The apparatus may further comprise means for retaining the substrate in a desired position relative to the radiation sources or the radiation directing means. The apparatus may further be operable to controllably vary the relative position of the radiation sources or radiation directing means and the substrate. The relative positions may be varied continuously or using indexed steps. This can enable the apparatus to be used to controllably irradiate a large substrate in stages.

Preferably, the radiation source is operable to provide a first wavelength of radiation being thermal radiation. More specifically, it is preferable that the first radiation source is a device operable to deliver thermal energy to the substrate, which energy may be transferred from the source to the substrate by any means as is required and or desired. The term ‘thermal radiation’ will therefore be understood to include the transfer of thermal energy by any means, including conduction through contact between the source and the substrate. As described above this may be pulsed or continuously emitting and may comprise single, multiple or one or two dimensional arrays of thermal radiation emitters. The thermal radiation may have a broad spectrum or be limited to a more specific frequency range. In particular, the thermal radiation may be infrared radiation (IR) and/or near infrared radiation (NIR). Suitable thermal radiation emitters include but are not limited to: NIR/IR lasers, NIR/IR Light Emitting Diodes (LEDs), resistive or inductive heater elements.

Preferably, the radiation source is further operable to provide a second wavelength of radiation being ultraviolet (UV) radiation. As described above this may be pulsed or continuously emitting and may comprise single, multiple or one or two dimensional arrays of UV emitters. Suitable UV emitters include but are not limited to: UV lasers, UV Light Emitting Diodes (LEDs) or UV lamps (e.g. mercury or deuterium). Preferred wavelengths are in the range 100 nm to 25 microns. Particularly preferred wavelengths are in the range 200 nm to 2500 nm.

Such an embodiment wherein the radiation source is operable to provide both UV radiation and thermal radiation offers a significant improvement in efficiency over inkless printing techniques known in the art. Typically, these only utilise a single UV radiation source and, whilst it may be possible to affect the desired colour change with such an arrangement, it will often require more time and energy to do so. There is a particular advantage over such a prior art arrangement when changing the colour of the substrate from blue to red as thermal radiation sources are more efficient and offer higher radiation power at a substantially lower cost.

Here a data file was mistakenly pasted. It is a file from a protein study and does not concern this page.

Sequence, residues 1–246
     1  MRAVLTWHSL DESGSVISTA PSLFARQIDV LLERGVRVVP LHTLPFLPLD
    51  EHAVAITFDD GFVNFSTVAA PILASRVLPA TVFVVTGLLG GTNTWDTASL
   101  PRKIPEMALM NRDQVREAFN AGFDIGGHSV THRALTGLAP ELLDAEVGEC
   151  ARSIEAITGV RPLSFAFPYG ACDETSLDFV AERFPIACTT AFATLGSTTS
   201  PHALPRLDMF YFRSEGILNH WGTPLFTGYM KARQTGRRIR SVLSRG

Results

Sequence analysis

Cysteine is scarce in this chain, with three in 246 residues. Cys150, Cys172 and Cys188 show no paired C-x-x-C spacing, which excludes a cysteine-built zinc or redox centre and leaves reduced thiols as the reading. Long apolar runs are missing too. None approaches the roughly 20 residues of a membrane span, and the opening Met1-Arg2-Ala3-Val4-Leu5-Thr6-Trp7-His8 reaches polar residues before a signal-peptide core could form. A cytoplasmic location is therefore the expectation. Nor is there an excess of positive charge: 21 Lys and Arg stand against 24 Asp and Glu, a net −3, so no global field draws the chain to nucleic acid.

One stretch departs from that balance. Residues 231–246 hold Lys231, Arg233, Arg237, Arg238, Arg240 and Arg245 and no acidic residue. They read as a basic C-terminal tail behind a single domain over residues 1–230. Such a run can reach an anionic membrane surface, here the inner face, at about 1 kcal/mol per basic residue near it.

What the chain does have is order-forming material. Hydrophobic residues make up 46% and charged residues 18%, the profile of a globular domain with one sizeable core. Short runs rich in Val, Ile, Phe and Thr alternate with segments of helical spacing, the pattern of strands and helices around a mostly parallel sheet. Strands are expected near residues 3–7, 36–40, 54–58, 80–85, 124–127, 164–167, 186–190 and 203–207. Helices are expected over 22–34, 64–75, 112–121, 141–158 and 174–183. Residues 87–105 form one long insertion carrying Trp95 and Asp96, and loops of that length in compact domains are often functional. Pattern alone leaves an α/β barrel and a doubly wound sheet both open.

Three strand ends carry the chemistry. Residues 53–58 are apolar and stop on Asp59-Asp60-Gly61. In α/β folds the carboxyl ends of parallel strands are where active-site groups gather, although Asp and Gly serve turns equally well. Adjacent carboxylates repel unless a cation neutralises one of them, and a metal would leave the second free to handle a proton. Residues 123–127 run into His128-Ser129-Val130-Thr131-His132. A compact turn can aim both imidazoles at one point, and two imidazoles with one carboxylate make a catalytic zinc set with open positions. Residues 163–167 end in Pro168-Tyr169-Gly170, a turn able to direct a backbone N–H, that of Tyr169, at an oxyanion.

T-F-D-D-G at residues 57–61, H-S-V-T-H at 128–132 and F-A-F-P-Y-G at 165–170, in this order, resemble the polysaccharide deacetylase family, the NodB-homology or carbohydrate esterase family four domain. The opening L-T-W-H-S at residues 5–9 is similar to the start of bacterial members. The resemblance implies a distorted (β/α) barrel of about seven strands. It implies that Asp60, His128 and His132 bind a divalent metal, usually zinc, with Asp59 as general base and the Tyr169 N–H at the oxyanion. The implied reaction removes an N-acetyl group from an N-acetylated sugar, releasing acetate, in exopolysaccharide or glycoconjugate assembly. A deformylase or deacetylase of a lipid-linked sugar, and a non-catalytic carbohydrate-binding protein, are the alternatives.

Furthermore, such embodiments wherein the radiation source is operable to provide both UV radiation and thermal radiation can offer a significant improvement in the stability of the colour forming layer to background/ambient light after the marking process compared to inkless printing techniques known in the art. In particular, the thermal radiation may be used to activate the areas of the substrate that it is desired to be marked and either or both of the UV and thermal radiation sources may be used to effect the colour change of those areas. In such an arrangement, only those regions that have been exposed to thermal radiation are activated and can subsequently be induced to change colour. As such, the light stability of other regions of the substrate which have not been so activated will be significantly improved, i.e. less susceptible to discolouring over time due to background/ambient light incident thereon.

The substrate may be any suitable substrate. In particular the substrate may comprise a layer of diacetylene material on a base layer. The diacetylene material layer may additionally comprise an IR or NIR absorbing material. Alternatively, the diacetylene material layer may be provided over a layer of IR or NIR absorbing material, or vice versa.

The marking apparatus may be provided with a calibration means.